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Existing No Fault cost controls make proposed medical-provider fee schedule unnecessary, boondoggle for insurance industry

February 28, 2014 by Steven M. Gursten

Existing No Fault cost-controls ensure that auto insurers “pay no more than a reasonable charge,” as former Michigan Supreme Court Justice Clifford W. Taylor has said

Former Michigan Supreme Court Justice Clifford W. Taylor

There is very little that I would probably ever agree on with former Michigan Supreme Court Justice Clifford W. Taylor.  To the public, he is best known as the “sleeping Judge.” But to the state’s lawyers and judges, he’s associated with a darker side.

Cliff Taylor’s reign on the Michigan Supreme Court marked a low point in respect for the Court by the legal community, and of divisiveness and bitterness within the Court.  He and three other activist Republican justices were called (by Republican Justice Elizabeth Weaver)  the “Gang of Four.” During his tenure, the Court was marked by politically-motivated and outcome determinative rulings without regard to stare decisis, or, in the minds of many attorneys such as myself, towards fairness and justice at all.

In other words, Justice Taylor was no friend of the consumer or the injured.

And that makes his sharp rebuttal to Speaker Jase Bolger’s proposal for “fee schedules” – as part of his No Fault insurance “reform” plan – so important.

As to the existing effectiveness of No Fault “cost controls,” here’s what the former Justice said in McGill v. Automobile Association of Michigan (Michigan Court of Appeals, 1995):

“The No Fault cost-control statutes, which represent “insurance companies’ cost-policing function as contemplated by the no-fault act,” “clearly indicate that an insurance carrier need pay no more than a reasonable charge and that a health care provider can charge no more than that.”

In other words, Speaker Jase Bolger’s proposal for a medical-provider “fee schedule” already exists.

Speaker Bolger’s proposal, on the other hand, which go far beyond the already effective cost-containment policies that already exist in the Michigan No Fault law. Instead, they would:

  • Restrict doctors’ and hospitals’ charges for treating auto accident victims to 125% of the rates charged to injured workers (per the workers compensation fee schedule).

The insurance industry in Michigan never had a better friend on the Michigan Supreme Court than Cliff Taylor (although current Justice Robert Young might be a very close second).  But as the former Chief Justice already observed, the existing cost controls that were long ago built into Michigan’s No Fault law make Bolger’s proposed medical provider “fee schedule” unnecessary.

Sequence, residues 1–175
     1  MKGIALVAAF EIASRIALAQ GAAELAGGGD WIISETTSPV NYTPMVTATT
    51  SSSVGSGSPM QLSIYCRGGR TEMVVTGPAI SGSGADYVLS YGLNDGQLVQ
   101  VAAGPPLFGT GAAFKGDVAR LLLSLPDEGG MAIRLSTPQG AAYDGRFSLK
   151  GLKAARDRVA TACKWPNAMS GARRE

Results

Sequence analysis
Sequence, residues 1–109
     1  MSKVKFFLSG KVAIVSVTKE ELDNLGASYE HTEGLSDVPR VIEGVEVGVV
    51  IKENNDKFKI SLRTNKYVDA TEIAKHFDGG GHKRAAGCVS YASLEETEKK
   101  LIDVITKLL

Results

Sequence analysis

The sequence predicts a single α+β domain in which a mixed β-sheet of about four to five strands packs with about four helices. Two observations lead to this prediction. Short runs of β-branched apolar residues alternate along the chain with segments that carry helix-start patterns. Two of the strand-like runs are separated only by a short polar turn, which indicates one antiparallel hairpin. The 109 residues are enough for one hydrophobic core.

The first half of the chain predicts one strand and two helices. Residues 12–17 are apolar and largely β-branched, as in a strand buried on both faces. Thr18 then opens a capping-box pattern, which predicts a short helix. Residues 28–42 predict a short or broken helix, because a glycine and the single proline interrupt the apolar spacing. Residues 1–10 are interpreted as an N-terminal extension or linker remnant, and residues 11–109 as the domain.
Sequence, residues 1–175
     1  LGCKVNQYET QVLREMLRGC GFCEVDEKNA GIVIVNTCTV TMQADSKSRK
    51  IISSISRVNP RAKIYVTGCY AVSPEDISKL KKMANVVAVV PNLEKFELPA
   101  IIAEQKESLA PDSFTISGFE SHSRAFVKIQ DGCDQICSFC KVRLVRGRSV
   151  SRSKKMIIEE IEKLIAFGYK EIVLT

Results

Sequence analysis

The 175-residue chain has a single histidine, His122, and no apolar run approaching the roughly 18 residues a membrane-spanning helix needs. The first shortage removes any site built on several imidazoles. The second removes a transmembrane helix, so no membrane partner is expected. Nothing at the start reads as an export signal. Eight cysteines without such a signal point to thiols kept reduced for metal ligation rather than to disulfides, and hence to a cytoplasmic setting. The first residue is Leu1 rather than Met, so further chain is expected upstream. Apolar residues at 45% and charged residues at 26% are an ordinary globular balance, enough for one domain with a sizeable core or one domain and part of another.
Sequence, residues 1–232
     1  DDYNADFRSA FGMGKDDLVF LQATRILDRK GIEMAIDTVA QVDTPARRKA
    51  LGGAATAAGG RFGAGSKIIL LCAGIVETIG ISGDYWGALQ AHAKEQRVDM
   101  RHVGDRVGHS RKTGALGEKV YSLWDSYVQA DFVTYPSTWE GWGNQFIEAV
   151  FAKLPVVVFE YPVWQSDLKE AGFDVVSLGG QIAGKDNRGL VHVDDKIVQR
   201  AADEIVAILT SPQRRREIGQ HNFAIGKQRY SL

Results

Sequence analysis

To the extent the amounts charged by No Fault medical providers are higher than what auto insurers want to – or think they should have to –  pay, the No Fault auto insurers have no one but themselves to blame. Another prominent Republican, L. Brooks Patterson, had this to say on why the No Fault insurance companies are the ones truly responsible. It starts with their own reprehensible conduct in how they treat, and pay (or more often fail to pay) medical bills submitted to them by doctors and hospitals that render medical care to injured auto accident victims.

Speaker Bolger’s cost containment controls already exist

Built into Michigan’s No Fault law are all the cost controls – and the authority to use them – that No Fault auto insurers need to keep No Fault medical costs low.

When the Legislature enacted the No Fault Law 40 years ago, lawmakers included the following specific cost control measures for the express purpose of empowering No Fault auto insurers to manage No Fault medical costs:

  • No Fault insurers were required to pay No Fault medical benefits to cover only “reasonable charges … for reasonably necessary products, services and accommodations for an injured person’s care, recovery, or rehabilitation.” (MCL 500.3107(1)(a))
  • Physicians and hospitals who treat auto accident victims could charge only a “reasonable amount for the products, services and accommodations rendered.” (MCL 500.3157)
  • A physician’s or hospital’s “charge” could “not exceed the amount the person or institution customarily charges for like products, services and accommodations in cases not involving [No Fault auto] insurance.” (MCL 500.3157)
  • If so requested by an auto accident victim’s No Fault auto insurer, the victim’s treating physician, hospital or clinic must provide to the insurer a “written report” as well as the records documenting the “costs of treatment of the injured person.” (MCL 500.3158(2))
  • “In a dispute regarding an insurer’s right to discovery of facts about an injured person’s … costs of treatment, a court may enter an order for the discovery.” (MCL 500.3159)

For more information (and case law references) about No Fault cost-controls, please check out Michigan Auto Law’s blog post, “Auto insurance companies fail to use cost controls built into Michigan’s No Fault Law.”

In my next installment of the blog post series next week, I will discuss why capping No Fault medical benefits will not guarantee savings for Michigan auto insurance consumers.

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